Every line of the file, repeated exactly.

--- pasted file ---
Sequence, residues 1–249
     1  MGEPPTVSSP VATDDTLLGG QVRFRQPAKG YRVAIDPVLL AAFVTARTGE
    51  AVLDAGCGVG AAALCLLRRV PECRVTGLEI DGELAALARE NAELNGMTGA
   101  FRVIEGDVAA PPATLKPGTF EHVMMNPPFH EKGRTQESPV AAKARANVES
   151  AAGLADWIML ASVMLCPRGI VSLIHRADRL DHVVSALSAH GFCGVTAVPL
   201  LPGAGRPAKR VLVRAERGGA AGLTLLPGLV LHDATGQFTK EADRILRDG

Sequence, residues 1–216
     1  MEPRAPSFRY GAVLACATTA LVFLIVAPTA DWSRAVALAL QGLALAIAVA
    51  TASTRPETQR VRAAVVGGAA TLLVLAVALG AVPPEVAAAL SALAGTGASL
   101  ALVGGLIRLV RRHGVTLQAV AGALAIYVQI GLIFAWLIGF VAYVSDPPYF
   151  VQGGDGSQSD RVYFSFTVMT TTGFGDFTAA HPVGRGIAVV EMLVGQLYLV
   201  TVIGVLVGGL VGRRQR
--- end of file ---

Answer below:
Sequence, residues 1–249
     1  MGEPPTVSSP VATDDTLLGG QVRFRQPAKG YRVAIDPVLL AAFVTARTGE
    51  AVLDAGCGVG AAALCLLRRV PECRVTGLEI DGELAALARE NAELNGMTGA
   101  FRVIEGDVAA PPATLKPGTF EHVMMNPPFH EKGRTQESPV AAKARANVES
   151  AAGLADWIML ASVMLCPRGI VSLIHRADRL DHVVSALSAH GFCGVTAVPL
   201  LPGAGRPAKR VLVRAERGGA AGLTLLPGLV LHDATGQFTK EADRILRDG

Sequence, residues 1–216
     1  MEPRAPSFRY GAVLACATTA LVFLIVAPTA DWSRAVALAL QGLALAIAVA
    51  TASTRPETQR VRAAVVGGAA TLLVLAVALG AVPPEVAAAL SALAGTGASL
   101  ALVGGLIRLV RRHGVTLQAV AGALAIYVQI GLIFAWLIGF VAYVSDPPYF
   151  VQGGDGSQSD RVYFSFTVMT TTGFGDFTAA HPVGRGIAVV EMLVGQLYLV
   201  TVIGVLVGGL VGRRQR